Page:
“We’re placing an emphasis on what is really, really important during a game, and shooting happens to be at the top of that list,” coach Seth Tierney said. “If that’s really important, how do we negotiate and use our free time to work on shooting? Let’s understand what goes into shot selection, and that there are guys on our team that are better finishers than other guys. Let’s try to get those guys shots from where they’re comfortable.”

Look down the lineup, and Hofstra is clearly creating good opportunities for its best players. Josh Byrne (16 goals, 11 assists) is shooting 51.6 percent. Freshman Ryan Tierney, Seth’s son, has connected on 12 of his 30 shots. And Brendan Kavanagh is 10-for-27 (37.0 percent) through five games.

Crisp shooting isn’t the only reason the Pride already own victories over Princeton and North Carolina. Goalie Jack Concannon has stopped 60.6 percent of the shots on goal he’s seen, and Hofstra is averaging just 9.6 turnovers per game (fewer than everyone in Division I besides Johns Hopkins).

Shooting, then, is the beginning of Hofstra’s early success, but not its end. A roster that’s remained healthy so far plays a role, too, but the buy-in matters even more.

“You have to have six guys that are dangerous in Division I,” Tierney said. “It’s not just being lucky and throwing it in the goal.”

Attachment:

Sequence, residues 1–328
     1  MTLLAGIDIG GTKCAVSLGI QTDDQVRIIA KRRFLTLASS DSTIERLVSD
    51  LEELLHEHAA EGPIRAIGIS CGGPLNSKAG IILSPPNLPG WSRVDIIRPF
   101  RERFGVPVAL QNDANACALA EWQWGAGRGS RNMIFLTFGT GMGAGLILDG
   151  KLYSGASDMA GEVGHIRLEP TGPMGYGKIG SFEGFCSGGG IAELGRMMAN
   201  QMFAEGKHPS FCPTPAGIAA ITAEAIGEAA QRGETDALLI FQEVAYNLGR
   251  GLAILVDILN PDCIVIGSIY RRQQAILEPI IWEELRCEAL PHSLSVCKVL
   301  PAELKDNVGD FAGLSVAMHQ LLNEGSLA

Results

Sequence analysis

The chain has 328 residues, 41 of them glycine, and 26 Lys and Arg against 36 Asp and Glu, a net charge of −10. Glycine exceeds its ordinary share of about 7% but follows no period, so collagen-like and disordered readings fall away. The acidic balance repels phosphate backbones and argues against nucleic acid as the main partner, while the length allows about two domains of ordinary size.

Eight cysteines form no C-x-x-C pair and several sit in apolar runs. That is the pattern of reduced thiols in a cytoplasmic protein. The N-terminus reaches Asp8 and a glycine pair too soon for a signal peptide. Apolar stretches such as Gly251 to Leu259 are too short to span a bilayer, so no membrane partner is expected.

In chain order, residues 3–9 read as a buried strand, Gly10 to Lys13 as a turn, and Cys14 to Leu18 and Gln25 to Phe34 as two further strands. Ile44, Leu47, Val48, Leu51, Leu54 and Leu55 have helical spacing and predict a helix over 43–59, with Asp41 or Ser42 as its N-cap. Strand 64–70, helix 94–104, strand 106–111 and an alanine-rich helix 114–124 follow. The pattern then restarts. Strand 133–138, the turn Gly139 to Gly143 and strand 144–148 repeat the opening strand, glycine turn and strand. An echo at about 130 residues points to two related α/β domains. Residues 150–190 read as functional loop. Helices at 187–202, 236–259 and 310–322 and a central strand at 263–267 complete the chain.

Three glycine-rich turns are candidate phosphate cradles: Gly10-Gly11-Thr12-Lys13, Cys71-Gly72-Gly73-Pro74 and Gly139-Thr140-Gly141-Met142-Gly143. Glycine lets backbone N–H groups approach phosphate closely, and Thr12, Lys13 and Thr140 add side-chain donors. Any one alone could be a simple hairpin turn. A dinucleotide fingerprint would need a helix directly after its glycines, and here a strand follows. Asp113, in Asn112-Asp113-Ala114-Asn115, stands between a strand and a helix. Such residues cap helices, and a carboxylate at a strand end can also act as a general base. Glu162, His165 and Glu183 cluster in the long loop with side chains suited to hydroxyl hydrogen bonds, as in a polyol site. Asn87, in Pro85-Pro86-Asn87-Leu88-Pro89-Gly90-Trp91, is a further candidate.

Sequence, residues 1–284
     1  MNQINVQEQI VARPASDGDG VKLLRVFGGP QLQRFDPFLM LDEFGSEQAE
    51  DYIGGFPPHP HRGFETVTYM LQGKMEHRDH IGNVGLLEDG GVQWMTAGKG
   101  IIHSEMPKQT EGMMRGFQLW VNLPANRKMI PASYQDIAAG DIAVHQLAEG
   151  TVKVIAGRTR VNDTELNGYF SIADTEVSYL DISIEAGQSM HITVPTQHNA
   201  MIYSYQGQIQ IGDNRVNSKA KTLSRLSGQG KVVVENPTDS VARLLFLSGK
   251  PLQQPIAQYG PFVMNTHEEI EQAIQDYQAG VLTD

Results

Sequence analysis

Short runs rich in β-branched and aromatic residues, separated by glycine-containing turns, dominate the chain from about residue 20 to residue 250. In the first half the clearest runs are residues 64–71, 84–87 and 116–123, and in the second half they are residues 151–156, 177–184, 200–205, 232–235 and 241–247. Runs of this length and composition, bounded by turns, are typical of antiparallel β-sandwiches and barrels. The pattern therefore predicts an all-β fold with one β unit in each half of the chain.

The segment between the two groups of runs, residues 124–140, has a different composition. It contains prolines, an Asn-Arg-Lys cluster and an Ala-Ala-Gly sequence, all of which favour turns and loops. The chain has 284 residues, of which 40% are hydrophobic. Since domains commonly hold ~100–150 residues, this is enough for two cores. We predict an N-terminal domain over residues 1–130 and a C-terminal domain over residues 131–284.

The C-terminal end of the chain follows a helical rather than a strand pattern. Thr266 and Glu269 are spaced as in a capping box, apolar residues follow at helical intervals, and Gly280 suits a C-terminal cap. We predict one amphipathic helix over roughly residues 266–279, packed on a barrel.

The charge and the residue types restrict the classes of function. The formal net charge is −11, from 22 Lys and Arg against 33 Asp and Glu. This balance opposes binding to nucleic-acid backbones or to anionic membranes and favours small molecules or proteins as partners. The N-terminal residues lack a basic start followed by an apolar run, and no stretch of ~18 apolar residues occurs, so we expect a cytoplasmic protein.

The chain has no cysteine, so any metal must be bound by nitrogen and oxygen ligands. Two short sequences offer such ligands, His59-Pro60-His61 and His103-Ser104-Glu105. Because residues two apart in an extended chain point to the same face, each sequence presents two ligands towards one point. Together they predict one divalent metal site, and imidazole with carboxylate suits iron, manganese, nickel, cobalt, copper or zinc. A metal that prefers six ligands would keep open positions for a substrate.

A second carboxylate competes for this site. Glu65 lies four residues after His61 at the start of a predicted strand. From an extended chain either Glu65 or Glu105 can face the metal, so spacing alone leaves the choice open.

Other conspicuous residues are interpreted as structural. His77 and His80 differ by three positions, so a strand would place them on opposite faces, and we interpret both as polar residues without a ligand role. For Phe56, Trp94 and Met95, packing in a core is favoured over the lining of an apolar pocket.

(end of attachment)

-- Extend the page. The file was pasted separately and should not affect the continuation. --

Watching the wins

John Danowski became the winningest coach in Division I history when Duke upended Jacksonville 13-6. His 376th career triumph moved him past former Brown and Virginia coach Dom Starsia atop the all-time list.

Danowski isn’t the only coach in that neighborhood. Denver’s Bill Tierney sits at 373 career victories after the Pioneers’ 11-10 defeat of Notre Dame on Sunday.

It’s unlikely anyone joins them in that neighborhood, especially with both fielding national championship contenders on a regular basis. Only three other active coaches are within 100 triumphs of Danowski: Bryant’s Mike Pressler (344), Delaware’s Bob Shillinglaw (332) and Notre Dame’s Kevin Corrigan (289). Shillinglaw has already announced his retirement, effective at the end of the season.

Next on the list is Syracuse’s John Desko, who with 227 victories would have to average 15 victories over 10 seasons simply to match where Danowski is now.

Terriers learn quick

Only five undefeated teams remain in Division I, with three (Ohio State, Penn State and Rutgers) out of the Big Ten joining Hofstra in that group. But the most fascinating team of the bunch might be Boston University, which in only its fourth season is 7-0 and a credible Patriot League contender after early victories at Navy and Colgate.

The Terriers, who play host to Bucknell on Saturday, have the benefit of both an efficient offense (34.9 shooting percentage) and a miserly defense anchored by goalie Christian Carson-Banister (67.4 save percentage). That they’ve done this without senior faceoff ace Sam Talkow, who ranked third in the country last year by winning 69.5 percent of his draws, adds to the impressiveness.

Of course, there’s something to be said for a start-up program enjoying a breakthrough in its fourth season — when its first full class of recruits enters its senior year. A season ago, it was Marquette that made its first NCAA tournament with a senior-laden roster. Boston University could be on its way to matching that in 2017.